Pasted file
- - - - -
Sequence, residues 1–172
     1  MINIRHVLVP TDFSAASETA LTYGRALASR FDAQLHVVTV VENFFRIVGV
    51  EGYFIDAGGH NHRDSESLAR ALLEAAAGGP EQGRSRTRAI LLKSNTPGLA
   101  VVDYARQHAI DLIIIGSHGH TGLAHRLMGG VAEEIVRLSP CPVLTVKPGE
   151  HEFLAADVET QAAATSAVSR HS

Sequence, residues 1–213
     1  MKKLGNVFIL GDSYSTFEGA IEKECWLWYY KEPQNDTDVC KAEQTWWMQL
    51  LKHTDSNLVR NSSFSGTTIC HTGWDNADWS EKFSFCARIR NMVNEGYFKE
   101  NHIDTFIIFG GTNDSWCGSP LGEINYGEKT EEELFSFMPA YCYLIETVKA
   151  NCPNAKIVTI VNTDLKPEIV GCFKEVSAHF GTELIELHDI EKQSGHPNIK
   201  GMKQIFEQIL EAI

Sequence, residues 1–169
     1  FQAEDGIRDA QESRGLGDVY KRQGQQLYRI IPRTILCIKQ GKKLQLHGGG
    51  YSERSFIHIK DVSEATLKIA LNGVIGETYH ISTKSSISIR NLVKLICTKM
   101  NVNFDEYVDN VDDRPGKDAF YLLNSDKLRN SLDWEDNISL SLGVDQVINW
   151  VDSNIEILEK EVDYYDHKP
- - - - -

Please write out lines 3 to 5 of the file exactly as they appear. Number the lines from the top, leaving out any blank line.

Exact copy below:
    51  EGYFIDAGGH NHRDSESLAR ALLEAAAGGP EQGRSRTRAI LLKSNTPGLA
   101  VVDYARQHAI DLIIIGSHGH TGLAHRLMGG VAEEIVRLSP CPVLTVKPGE
   151  HEFLAADVET QAAATSAVSR HS